Super Blood Wolf Moon Visible on Hawai‘i Island Jan. 20
VIDEO: In case of clouds in Hilo, TimeandDate.com is streaming the Super Blood Wolf Moon live beginning at 5 p.m.
Skywatchers around much of the world are looking forward to a complete lunar eclipse—the longest this century, on Jan. 20 and 21, 2019, depending where on the globe you are viewing from.
This total lunar eclipse will be visible in the US, Canada, South America, parts of Europe, Asia and Africa.
The total lunar eclipse will be fully visible on Hawai‘i Island on Sunday, Jan. 20, 2019, beginning at 6:41 p.m.
The eclipse will shine at a maximum 1.20 magnitude at 7:12 p.m. and the entire event will end at 9:48 p.m., spanning a total of 3 hours, 49 minutes.
|Event||UTC Time||Time in Hilo*||Visible in Hilo|
|Penumbral Eclipse begins||Jan 21 at 02:36:29||Jan 20 at 4:36:29 pm||No, below the horizon|
|Partial Eclipse begins||Jan 21 at 03:33:54||Jan 20 at 5:33:54 pm||No, below the horizon|
|Full Eclipse begins||Jan 21 at 04:41:17||Jan 20 at 6:41:17 pm||Yes|
|Maximum Eclipse||Jan 21 at 05:12:14||Jan 20 at 7:12:14 pm||Yes|
|Full Eclipse ends||Jan 21 at 05:43:15||Jan 20 at 7:43:15 pm||Yes|
|Partial Eclipse ends||Jan 21 at 06:50:39||Jan 20 at 8:50:39 pm||Yes|
|Penumbral Eclipse ends||Jan 21 at 07:48:02||Jan 20 at 9:48:02 pm||Yes|
* The moon is below the horizon in Hawai‘i some of the time, so that part of the eclipse is not visible.
A total lunar eclipse is sometimes called a Blood Moon because of it reddish color.
This particular full moon will also be “super-sized,” having reached its perigee—the point on its orbit closest to Earth—on Jan. 20. Known as a Super Moon, Supermoon, or Super Full Moon, it may look bigger and brighter than a normal full moon.
The eclipsed full moon has also been nicknamed the Wolf Moon, after howling wolves that can be heard during this time of the year in the Northern Hemisphere.
The confluence of a full lunar eclipse and its perigee position has prompted the name Super Wolf Blood Moon or the Super Blood Wolf Moon.
For an animation showing what the eclipse will look like in Hilo, click here.
Bottomline: We’re going to have a reddish, total lunar eclipse during the first full moon of the year—which means the sun, Earth and moon will be in a straight line for a short time—while the moon is also at its closest distance to the Earth.
There is a lot of speculation “out there” questioning whether a lunar eclipse can “trigger” natural disasters like earthquakes and volcanic eruptions, especially during this month’s much-hyped Super Blood Wolf Moon.
Well-known on the islands is the fact that the moon’s gravitational pull on our planet, which is strongest during full and new moons, increases ocean tides.
According to the USGS, earthquakes may be up to three times more likely during high tides, but the agency explained that they’re still very unlikely.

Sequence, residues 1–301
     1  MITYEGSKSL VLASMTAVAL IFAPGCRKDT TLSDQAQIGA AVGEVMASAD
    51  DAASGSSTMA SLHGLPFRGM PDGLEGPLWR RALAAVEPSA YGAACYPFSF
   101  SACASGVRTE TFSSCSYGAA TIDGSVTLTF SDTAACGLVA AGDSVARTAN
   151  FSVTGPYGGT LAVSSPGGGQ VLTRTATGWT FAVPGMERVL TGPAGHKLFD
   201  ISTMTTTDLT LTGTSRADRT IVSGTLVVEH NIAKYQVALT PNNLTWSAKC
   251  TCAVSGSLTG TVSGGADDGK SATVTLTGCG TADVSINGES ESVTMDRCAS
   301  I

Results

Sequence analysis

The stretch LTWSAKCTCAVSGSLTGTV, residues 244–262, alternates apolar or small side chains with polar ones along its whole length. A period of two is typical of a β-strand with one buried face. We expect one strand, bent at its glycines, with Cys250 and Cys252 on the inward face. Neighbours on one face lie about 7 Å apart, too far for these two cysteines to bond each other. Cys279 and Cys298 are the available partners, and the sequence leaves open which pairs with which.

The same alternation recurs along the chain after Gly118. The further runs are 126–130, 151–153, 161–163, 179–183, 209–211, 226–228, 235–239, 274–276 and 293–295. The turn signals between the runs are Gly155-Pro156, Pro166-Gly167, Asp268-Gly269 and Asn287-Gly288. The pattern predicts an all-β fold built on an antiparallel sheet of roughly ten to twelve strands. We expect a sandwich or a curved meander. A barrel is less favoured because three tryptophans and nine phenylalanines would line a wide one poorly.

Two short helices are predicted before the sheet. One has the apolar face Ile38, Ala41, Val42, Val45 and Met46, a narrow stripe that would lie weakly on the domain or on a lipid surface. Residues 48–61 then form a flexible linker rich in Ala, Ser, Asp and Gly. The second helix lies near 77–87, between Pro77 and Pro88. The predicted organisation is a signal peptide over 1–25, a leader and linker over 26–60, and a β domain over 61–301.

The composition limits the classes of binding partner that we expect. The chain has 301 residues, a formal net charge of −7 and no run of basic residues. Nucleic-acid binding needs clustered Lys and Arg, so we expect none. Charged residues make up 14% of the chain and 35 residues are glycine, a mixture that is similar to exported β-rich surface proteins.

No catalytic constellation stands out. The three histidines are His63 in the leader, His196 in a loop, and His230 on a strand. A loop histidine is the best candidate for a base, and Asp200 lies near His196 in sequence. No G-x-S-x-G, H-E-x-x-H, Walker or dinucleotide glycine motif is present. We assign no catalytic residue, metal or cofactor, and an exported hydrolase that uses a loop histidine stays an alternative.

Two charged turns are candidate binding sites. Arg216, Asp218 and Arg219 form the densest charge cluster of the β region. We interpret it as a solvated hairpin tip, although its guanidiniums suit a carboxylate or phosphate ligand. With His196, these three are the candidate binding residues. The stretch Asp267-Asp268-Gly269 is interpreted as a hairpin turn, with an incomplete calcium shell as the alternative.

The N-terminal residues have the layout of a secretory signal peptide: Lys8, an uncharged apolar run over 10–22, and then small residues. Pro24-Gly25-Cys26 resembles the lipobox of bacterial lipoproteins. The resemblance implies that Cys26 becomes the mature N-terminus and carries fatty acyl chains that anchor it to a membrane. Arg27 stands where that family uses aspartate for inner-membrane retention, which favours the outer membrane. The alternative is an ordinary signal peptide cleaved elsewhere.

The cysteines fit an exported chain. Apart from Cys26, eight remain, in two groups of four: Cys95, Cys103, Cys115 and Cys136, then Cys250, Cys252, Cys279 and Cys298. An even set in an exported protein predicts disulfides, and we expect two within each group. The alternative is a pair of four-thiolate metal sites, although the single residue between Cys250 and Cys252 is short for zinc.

“You must stop and realize that the background probability is, in general, very low in a given place and year (fractions of a percent), so that raising this tiny probability by a factor of 3 during high tides still results in a very tiny probability.”
The USGS has also said that there may be a correlation between the lunar cycle and eruptions of Hawaiian volcanoes, but that attempting to predict eruptions around tides or the moon “would be absurd.”
“In the Hawai’i example of 52 eruptions since January 1832, there have been nearly 3,900 tidal maximums, of which roughly 3,850 of them went by without causing an eruption. Statistically, this is about a one percent chance that any tidal maximum will affect the start of an eruption.”
Although the correlation between earthly disasters and lunar events seems “super weak,” the opposite is actually more accurate, at least for this lunar viewing event.
According to a science education website, pollution spewed by Anak Krakatau’s eruption in Indonesia may darken an already red moon during this eclipse, making it more colorful than usual.
The specific red hue that will develop cannot be predicted, the site said, but there is reason to suspect that this year’s will be deep.
The volcano erupted with explosive force on Dec. 22, 2018. The shock was so powerful that it sent a tsunami racing ashore the beaches of the Sunda Strait, killing more than 400 people, according to the Red Cross.
This plume of ash and more towered to 10 miles, according to an analysis of data collected by a Japanese weather satellite. Much of the aerosol and particulate matter was swept up by the jet stream—the current of air that snakes around Earth about 6 miles above the surface.
From Indonesia, it takes about two weeks for this high-altitude air pollution to make one round-the-world trek. So by now, all the aerosols are fully mixed within the Southern Hemisphere’s upper atmosphere.
Since it’s summer there, the Southern Hemisphere is pointed toward the sun. So any light passing through Earth’s atmosphere during totality will stream through the area where all of that volcanic pollution is still “hanging out.” That should filter out even more sunlight than during a typical eclipse.
So if Sunday night’s moon looks darker, browner or more obscured than usual for an eclipse, its was most likely caused by volcanic activity.
Big Island Now attempted to contact the USGS on the Big Island for comment… but due to the lapse in appropriations because of the ongoing government shutdown, the USGS Hawaiian Volcano Observatory public information officer-geologist was prohibited from conducting work as a federal employee, “including returning phone calls and emails, until further notice.”
The USGS director did not reply to our inquiry by publication time.